How Food Allergies and Intolerance Affect Nutrition

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This is a big can of worms that I’m going to start discussing the next few posts. However, I thought it would be good to get it started with just this simple information.

Food allergies and intolerances have multiple effects on nutritional status. The primary effect of having a food allergy or intolerance is the potential lack of nutrients due to the necessary avoidance of that food or related foods.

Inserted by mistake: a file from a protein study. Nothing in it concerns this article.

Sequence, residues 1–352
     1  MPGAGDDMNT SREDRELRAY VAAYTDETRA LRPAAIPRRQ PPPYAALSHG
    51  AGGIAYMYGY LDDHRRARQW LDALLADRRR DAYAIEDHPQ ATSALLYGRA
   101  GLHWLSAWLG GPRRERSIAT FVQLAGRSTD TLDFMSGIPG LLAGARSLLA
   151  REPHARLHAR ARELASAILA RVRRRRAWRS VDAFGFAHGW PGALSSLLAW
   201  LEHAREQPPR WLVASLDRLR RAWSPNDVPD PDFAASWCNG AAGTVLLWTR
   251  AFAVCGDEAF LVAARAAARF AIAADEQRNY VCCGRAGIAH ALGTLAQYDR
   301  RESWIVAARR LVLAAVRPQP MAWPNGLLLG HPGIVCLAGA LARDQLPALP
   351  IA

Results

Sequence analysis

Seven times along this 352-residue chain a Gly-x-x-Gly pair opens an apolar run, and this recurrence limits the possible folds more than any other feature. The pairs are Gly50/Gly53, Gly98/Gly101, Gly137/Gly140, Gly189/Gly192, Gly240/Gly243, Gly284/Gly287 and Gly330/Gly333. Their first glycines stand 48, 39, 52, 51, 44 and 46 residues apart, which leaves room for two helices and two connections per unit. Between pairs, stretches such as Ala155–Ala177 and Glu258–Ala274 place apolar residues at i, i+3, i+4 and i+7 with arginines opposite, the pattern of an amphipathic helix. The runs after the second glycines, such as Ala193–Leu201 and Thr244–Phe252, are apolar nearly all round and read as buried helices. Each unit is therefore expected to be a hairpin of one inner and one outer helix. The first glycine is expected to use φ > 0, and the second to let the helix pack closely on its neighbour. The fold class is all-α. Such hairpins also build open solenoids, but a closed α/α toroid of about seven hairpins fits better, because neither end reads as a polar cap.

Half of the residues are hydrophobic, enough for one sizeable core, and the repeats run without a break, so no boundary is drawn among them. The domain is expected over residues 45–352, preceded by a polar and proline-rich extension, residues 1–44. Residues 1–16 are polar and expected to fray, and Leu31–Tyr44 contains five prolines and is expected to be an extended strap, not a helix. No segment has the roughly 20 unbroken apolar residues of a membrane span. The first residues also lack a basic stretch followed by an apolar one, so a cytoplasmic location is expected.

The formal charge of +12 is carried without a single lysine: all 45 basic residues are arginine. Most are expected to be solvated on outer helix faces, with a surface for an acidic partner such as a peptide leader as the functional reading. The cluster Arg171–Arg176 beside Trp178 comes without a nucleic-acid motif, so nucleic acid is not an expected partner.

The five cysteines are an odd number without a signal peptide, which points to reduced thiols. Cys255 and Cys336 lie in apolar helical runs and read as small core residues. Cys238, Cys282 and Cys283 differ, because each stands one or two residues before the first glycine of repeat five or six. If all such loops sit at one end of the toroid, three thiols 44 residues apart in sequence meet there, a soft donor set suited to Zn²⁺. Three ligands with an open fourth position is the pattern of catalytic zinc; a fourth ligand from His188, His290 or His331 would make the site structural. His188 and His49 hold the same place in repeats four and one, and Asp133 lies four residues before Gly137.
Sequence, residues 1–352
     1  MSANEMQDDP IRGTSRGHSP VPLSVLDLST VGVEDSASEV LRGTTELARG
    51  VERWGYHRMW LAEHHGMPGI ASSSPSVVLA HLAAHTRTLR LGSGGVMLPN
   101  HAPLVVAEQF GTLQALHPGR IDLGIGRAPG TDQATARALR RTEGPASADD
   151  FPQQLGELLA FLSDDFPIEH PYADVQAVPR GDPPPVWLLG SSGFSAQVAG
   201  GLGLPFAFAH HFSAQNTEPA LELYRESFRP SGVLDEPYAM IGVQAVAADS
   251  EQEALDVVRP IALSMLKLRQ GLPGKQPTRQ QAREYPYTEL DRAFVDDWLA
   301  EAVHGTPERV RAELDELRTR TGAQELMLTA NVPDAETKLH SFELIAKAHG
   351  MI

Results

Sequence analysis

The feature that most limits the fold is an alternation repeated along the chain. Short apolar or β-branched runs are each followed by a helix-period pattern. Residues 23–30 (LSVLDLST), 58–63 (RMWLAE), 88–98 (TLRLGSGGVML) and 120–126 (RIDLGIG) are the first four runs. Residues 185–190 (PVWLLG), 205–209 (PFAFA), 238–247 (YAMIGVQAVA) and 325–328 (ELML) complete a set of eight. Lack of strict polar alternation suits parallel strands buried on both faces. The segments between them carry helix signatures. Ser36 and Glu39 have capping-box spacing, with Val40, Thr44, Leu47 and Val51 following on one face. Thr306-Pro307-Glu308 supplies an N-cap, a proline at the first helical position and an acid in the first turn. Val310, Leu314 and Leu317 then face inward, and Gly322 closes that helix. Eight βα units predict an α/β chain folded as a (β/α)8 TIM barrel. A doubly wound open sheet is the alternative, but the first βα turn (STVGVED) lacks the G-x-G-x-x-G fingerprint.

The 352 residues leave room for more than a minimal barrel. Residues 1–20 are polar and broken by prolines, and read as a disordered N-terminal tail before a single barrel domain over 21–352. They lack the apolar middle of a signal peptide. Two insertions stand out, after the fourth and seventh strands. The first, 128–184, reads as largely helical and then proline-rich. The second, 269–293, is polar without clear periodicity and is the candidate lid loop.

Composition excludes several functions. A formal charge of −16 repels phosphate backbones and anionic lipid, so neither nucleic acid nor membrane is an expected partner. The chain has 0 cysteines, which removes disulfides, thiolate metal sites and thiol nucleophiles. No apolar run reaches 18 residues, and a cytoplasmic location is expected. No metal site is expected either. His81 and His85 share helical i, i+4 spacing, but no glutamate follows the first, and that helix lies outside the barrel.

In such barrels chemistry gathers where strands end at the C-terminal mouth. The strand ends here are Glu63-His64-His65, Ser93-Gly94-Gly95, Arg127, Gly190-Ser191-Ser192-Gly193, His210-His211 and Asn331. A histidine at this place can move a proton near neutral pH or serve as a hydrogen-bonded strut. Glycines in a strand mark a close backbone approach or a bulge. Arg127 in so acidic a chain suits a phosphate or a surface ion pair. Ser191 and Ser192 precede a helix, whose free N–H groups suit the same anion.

Fortunately, there is a wide array of food options available for substitution so that nutritional needs can be met, with a little education.

Food reactions can make it biologically more difficult for ingested food to be processed properly, for example in the case of Celiac disease, the consumption of gluten-containing foods results in gastrointestinal effects which decrease absorption of nutrients in the small intestines through conditions such as villous atrophy, intestinal inflammation, and changes in bowel habits.

Additionally, stress on the biological system due to food reactions and uninformed food avoidance can overdraw the body’s reserves of essential nutrients leading to deficiencies that may need to be resolved through use of vitamin and mineral supplements.

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